Fish and Chips: How a Small Business Can Have Big Impact in Rural Uganda

Other Stories from Kabasheshe: Hills of Green | Ghost Water Taps | Money Loans and Satellite Dishes

IMG_3640At the end of a fun weekend, I was driving from Queen Elizabeth National Park back to Kabale. Along with a group of American and Canadian medical and public health students, I was returning from three days filled with safari and boat adventures in Southwestern Uganda. Before our weekend came to a close, we stopped at the Satellite Hotel for lunch. The hotel offers an impressive lookout for travelers along the Mbarara-Kabale Road and its restaurant was advertising a special of Fish and Chips. I jumped on the bandwagon and ordered a plate.

Fast forward two weeks and now I’m standing next to the pond where the fish I ate was raised. This fish breeding pond – one of four – is part of a business called Satellite Farmers Limited, located at the junction to Kabasheshe in the Ntungamo district. I originally decided to come here to see and learn about their first farms, but I ended up leaving with a much better understanding of how this small enterprise was playing a big role in the community.

My tour guide and teacher would be Godrey, a 20-year-old secondary school student, who was in charge of this facility. As we talked (or, more accurately, as I continually asked questions) he began to open up and seemed excited to share his work with me.

We started outdoors, walking along the trail that connects the fish ponds. Some filled with catfish and others of an unknown kind, these ponds were dug and filled only six months ago, but already had thousands of fish. To help me see their scope, as the water was murky and hid what lay underneath, Godrey went into the green, aluminum building nearer to the road to grab some feed. He threw it into the water and little mouths started to appear. Above the water were lines, closing each other in a grid formation and about 12 inches apart. These lines are used to prevent birds, which are abundant, from flying down and stealing a meal.

On top of the fish sold to the hotel down the road, Satellite Farmers Limited sells local eggs, handheld sprayers, building materials, and the animal feed (mostly for chickens and pigs) that Godfrey used earlier. But catfish are special. Instead of regular feed, they are given meat, chicken to be exact. I was fortunate to see a farmer come in and leave a bucket of future fish food. The blue plastic bucket contained slurry of meat byproduct. The innards of a chicken – heart, lungs, intestines – that people don’t consume and farmers can’t use can be brought here and sold, adding to their income and maximizing the usefulness of a single chicken.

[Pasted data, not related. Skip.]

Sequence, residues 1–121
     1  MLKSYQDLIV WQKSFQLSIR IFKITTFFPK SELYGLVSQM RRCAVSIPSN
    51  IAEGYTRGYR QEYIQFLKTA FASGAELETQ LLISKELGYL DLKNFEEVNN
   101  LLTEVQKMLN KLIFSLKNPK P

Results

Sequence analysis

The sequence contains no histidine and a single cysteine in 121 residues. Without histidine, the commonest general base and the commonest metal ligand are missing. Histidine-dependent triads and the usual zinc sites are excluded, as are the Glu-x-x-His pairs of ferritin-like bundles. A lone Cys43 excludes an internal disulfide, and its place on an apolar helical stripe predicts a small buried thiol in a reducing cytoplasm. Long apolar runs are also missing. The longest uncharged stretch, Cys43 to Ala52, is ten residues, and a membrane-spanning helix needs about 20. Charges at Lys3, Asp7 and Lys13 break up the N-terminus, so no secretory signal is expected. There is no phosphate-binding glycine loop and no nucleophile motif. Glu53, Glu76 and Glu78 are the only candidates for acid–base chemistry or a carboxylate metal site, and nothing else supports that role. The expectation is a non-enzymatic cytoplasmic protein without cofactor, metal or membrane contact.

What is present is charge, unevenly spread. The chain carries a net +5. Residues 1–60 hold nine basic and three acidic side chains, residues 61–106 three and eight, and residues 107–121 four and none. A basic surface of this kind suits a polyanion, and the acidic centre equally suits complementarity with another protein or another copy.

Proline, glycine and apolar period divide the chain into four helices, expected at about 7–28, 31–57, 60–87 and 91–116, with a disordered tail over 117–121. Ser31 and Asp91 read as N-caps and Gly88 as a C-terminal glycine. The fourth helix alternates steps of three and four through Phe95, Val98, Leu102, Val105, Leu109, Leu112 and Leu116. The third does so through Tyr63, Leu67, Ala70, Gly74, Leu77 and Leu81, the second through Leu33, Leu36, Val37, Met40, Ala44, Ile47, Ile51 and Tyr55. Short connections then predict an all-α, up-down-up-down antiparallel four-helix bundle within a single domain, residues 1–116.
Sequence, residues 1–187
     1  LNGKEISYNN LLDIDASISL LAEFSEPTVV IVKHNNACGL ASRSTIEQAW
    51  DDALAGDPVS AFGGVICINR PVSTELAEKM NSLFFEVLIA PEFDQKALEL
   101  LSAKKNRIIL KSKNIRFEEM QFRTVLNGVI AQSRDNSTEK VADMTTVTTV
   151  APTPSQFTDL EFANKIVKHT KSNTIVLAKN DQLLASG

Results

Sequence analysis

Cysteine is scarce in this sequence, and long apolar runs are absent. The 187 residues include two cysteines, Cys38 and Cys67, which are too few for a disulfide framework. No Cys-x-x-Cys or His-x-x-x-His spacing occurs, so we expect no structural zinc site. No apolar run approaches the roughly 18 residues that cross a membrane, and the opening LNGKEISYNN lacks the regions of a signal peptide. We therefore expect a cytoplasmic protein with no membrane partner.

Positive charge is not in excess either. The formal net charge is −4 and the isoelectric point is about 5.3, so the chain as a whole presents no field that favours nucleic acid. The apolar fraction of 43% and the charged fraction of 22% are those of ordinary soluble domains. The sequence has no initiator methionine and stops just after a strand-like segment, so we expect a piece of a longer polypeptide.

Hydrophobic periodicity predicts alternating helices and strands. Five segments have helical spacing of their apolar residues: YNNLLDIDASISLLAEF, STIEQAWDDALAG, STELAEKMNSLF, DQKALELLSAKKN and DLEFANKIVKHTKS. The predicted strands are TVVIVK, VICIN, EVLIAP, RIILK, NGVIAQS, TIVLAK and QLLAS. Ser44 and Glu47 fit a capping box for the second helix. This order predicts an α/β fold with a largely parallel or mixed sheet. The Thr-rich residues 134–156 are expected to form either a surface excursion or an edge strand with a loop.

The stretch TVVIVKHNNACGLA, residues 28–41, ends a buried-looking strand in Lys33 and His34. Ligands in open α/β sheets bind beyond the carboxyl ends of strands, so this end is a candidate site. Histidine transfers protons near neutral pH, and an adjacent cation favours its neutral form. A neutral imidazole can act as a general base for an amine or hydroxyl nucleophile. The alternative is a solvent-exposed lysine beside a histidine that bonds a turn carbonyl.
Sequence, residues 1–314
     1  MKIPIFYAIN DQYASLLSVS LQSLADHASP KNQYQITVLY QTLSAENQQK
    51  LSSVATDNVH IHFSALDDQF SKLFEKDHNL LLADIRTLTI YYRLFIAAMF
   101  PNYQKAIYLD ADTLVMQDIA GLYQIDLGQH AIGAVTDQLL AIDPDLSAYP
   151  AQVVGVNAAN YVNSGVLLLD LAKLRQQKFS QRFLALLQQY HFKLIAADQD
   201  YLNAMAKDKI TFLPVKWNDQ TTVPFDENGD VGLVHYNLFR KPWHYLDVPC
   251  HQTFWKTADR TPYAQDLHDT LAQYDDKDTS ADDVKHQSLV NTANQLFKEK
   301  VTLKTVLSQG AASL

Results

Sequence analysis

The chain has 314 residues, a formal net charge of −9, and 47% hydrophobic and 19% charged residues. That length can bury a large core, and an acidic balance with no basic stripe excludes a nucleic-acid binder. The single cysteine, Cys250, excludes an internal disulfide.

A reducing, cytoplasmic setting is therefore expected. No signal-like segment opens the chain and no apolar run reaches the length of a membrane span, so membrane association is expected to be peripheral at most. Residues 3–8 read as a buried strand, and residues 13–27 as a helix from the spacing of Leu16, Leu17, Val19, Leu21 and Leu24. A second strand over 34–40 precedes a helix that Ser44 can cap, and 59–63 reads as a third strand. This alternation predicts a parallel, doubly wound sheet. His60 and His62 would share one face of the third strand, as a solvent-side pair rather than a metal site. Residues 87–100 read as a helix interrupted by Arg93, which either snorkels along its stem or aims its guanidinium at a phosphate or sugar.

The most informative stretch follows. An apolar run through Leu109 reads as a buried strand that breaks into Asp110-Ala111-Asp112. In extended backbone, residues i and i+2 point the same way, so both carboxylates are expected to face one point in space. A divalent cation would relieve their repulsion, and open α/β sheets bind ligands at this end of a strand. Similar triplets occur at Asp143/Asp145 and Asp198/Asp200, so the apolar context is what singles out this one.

Speaking of chickens, they have those too, both layers and broilers. Layers are the hens that produce eggs, while a broiler is a chicken raised for just the meat. An egg here sells for 250# (250 shillings, or 10 US cents), while the same egg at the rural market would sell for 400#. Say you’re the head of a household and you were looking for an affordable source of protein, this would be your best place to start. Or, if you are a market seller and looking for something to sell, this place could be your supplier, where you can buy and then sell eggs, making 150# profit on each one; you wouldn’t even need to own a chicken.

Godrey led me inside the Feed Mill, which has been in the community for over two years and was started by a man simply known as Chief.

“Who else works here?” I asked Godfrey, as we passed through the doors. “No one”, he responded, “just me.” I was perplexed. The feed mill is massive. It is similar to something I would find back home in Rural Canada. Inside, there were bags everywhere. Scales for weighing, office desks to handle paperwork, and an unorganized stack of water troughs in the corner took up more space inside this building.

It turns out that Godrey is the only full-time employee of the operation, selling eggs, equipment and bags of feed, and feeding the fish as needed. When animal feed needs to be mixed, he goes to the local trading center and hires up to five temporary workers. Together, they can produce one to two tons of feed each hour. This high level of productivity is probably the reason why Godrey can manage everything alone.